First, much to Dave’s bemusement, Robin tells a story about how his ex-girlfriend fell asleep to the Foos’ debut album, Dave explains how he was tricked into snogging Brian Molko (What, you mean there’s another way? Ed.) before talk turns to Dave and what he does in his time off. What does he do? Goes skeet shooting. Like you do. “That’s rock and roll,” blearts Banks. “It’s actually not,” replies Grohl. His quips continue to fall like lead weights. Drugs. Nope. Ozzy. Nope. Girlfriends. Not a bite. Time to move on. Swiftly. “Would you mind if I played you latest song?” chirups Banks.

“Sure,” smiles Dave. “Actually, no. You know what? Don’t play it. It’d do the record good so you might as well leave it off.”

BACK at Radio 1, two interviews to go; a news piece and another pre-record. Bizarrely, the news interview travels right around the houses in order to talk about a box-set which Dave’s previous band will have out in the new year. Bizarre if only for the fact that their name is never mentioned. Curse you Danny O’Conner.

Despite Grohl’s admirable efforts, there’s only been one mention of his previous band. <i>One<i>. And with Dave himself holding claim to a mere three mentions, his guess is closest. Time to wheel out our secret weapon.

All the Maker needs is a piffly five more mentions and it’s show us the money time. This has got to be a cert. . .

“We’re talking to Dave Grohl of the Foos about what is possibly one of the best modern rock records of the late Nineties,” begins Steve Lamacq. Come on my son.

“Hi. You put me off with that,” laughs Dave. “I’m all a blush.”

“Has it been a learning curve for you since the end of Nirvana?”

KER-CHING. Barely 30 seconds in and the mention-o-meter stands at two. Ha-ha-ha-ha-ha. And then not ha-ha-ha-ha-ha. Scuppered with not another flippin’ mention all interview. Sheesh.

With the fiver firmly tucked in the pocket of Grohl, guess it proves a point. Guess it proves the Foos are finally a band in their own right. Guess it proves they can now hold their own without riding on the coat-tails of, oh, what was their name again? Guess it proves they’re well on their way to being one of the greatest rock bands of the Nineties. You think not? Grohl <i>was<i> in one of the greatest rock bands of the Nineties and today, nobody wants to talk about them. Yet it’s not out of respect and it’s not because it’s a no-go. It’s because Foo Fighters have finally arrived. Proof? Thank you.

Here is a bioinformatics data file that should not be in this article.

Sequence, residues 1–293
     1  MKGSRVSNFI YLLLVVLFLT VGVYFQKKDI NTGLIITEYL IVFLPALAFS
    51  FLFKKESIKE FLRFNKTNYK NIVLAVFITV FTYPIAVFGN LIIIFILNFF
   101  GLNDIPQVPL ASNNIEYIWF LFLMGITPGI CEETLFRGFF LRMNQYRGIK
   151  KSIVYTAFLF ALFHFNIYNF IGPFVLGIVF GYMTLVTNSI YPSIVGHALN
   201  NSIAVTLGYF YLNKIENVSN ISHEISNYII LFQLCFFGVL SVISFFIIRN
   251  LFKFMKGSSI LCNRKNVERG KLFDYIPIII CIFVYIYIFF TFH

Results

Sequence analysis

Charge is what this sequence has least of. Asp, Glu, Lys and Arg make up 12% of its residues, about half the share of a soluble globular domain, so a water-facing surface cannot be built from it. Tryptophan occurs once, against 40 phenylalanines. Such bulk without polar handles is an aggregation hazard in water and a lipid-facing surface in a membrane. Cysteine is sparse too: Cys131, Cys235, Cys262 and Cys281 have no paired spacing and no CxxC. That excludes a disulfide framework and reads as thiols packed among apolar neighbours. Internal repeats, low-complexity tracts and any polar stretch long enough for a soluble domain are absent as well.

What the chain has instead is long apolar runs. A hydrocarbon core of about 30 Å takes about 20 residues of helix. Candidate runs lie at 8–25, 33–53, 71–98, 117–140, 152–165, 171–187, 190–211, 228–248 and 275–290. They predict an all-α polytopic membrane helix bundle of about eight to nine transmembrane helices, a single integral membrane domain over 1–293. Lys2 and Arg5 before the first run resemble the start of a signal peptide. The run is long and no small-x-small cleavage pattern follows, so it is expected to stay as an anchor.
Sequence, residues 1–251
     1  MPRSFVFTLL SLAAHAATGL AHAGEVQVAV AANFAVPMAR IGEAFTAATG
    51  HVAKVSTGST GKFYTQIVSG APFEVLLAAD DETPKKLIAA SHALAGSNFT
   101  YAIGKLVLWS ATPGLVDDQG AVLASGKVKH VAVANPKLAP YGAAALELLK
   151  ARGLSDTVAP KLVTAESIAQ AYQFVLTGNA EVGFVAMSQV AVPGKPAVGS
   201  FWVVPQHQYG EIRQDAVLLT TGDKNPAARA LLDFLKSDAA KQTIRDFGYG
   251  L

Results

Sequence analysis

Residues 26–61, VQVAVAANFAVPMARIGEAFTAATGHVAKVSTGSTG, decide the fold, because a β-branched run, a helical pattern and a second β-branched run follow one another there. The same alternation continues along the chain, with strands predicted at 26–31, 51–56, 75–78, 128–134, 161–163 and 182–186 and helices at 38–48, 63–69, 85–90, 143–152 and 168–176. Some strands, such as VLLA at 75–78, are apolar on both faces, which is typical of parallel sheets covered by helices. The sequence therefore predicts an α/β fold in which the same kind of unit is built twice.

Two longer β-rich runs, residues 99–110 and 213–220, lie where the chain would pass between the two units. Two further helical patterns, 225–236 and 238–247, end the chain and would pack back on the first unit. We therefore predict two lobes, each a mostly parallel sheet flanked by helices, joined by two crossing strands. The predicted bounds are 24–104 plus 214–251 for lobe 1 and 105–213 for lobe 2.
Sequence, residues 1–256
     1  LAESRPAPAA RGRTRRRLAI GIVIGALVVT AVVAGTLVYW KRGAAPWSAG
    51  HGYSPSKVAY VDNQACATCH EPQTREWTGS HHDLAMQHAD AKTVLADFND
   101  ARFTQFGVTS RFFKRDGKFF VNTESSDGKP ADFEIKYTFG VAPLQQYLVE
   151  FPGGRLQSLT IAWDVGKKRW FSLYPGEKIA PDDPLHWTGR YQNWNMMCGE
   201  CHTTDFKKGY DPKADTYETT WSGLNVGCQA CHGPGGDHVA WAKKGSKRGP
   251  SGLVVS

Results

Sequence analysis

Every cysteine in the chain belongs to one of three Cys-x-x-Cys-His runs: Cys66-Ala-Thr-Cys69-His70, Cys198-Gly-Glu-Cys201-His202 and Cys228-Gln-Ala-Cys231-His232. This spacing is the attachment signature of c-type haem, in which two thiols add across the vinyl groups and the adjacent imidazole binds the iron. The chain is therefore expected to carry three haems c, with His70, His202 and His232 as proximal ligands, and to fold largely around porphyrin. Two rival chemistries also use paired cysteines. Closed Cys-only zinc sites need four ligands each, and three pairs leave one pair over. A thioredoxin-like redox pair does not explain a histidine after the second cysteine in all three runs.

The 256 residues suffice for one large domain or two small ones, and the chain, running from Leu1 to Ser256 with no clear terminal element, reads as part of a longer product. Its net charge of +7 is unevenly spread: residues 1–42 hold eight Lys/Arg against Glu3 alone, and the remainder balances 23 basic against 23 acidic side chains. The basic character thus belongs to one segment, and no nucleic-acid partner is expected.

YOU’D think, that after a day like that, the only thing on your mind would be an early night. Especially seeing as more interviews are scheduled for the morning before the band catch a flight to Australia in order to do it all again.

You’d think wouldn’t you? You’d be wrong.

This is The Water Rats in London’s King’s Cross. We’re here, oh Jesus, to see a band called Spirit Caravan. Of all the places, one of Grohl’s favourite bands from back home happens to be playing tonight. Such is Dave’s admiration for their blend of low-down dirty rock riffing, the Foos have, fact fans, covered one of their songs.

And does Dave Grohl stand at the bar throughout the set? Does he heck. Right down the front. Which is exactly where the Foos are in the grand rock scheme of things. And not before time.

John Lydon

When The ‘Filth And The Fury’ film was released in 2000, Lydon agreed to do three press interviews, of which Melody Maker, for some inexplicable reason, was one. Melodious Mucker he called it repeatedly. The resulting feature was a typical Maker piece during that period – essentially a list, bite-sized chunks. It looked exciting, but didn’t offer much insight.

The Maker also had a regular feature called Psychobabble where we’d ask Smash Hits biscuit tin type questions… with a psychological bent. Unsurprisingly, Lydon’s was more interesting than most. I like the flow of the conversation, which I put down to my skill as an interviewer, natch. This extract wasn’t published in its entirety.


“I see no reason for being a thick cunt in the world. There’s no excuse. None at all. I had the same opportunities as everyone else. Probably less, but I will not be put down by it.”

How do you rate you physical attractiveness?
“Zero. I don’t know, fucking hell, do you think I care? I know there’s people who love me and I love them and that’s it.”

How many times a day do you look in a mirror?
“Very rarely, unless it’s a photo shoot and then vanity takes over. I’m as conceited as anybody else when it comes down to it. You know, we all like to look our best, even the grunge idiots, they perfect their trashy look too. It’s part and parcel of being a human being. Conceit is a wonderful thing if you can use it properly. I must say, one of the greatest moments is Sid declaring himself as handsome. I love that. That’s exactly bang on Sidney. He-he-he-he-he. He might not of actually known how funny what he said is, but it’s also true… It’s not true that he’s handsome, but true that he believed it.

Was he a funny bloke?
“Very. Very. Very, very funny.”

“Most of the time. He had a great sense of humour, he was very easy to get along with. The drugs made it all sardonic. The drugs took the wit right out of him.”

What did he do that made you laugh?
“He was a very good mimic, very good at pointing out inadequacies in others. He-he-he-he.”

Have you ever hated anyone?
“From time to time, but only very, very briefly. Anger is an energy, but hate is not. It’s like this, I don’t hate the person, I hate the idea of someone trying to tell me they’re better than me. I hate repression. I hate thought patterns that are inaccurate and wrong, but I don’t hate the actual person. I don’t hate The Queen, I hate the institution she’s the figurehead of.”